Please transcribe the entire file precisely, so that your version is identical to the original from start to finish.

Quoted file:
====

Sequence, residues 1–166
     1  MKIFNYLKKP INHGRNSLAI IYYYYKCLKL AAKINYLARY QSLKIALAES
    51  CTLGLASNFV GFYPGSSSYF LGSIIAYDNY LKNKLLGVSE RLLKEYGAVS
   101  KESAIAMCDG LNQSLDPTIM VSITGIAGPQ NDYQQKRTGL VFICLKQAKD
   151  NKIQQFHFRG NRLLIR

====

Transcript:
Sequence, residues 1–166
     1  MKIFNYLKKP INHGRNSLAI IYYYYKCLKL AAKINYLARY QSLKIALAES
    51  CTLGLASNFV GFYPGSSSYF LGSIIAYDNY LKNKLLGVSE RLLKEYGAVS
   101  KESAIAMCDG LNQSLDPTIM VSITGIAGPQ NDYQQKRTGL VFICLKQAKD
   151  NKIQQFHFRG NRLLIR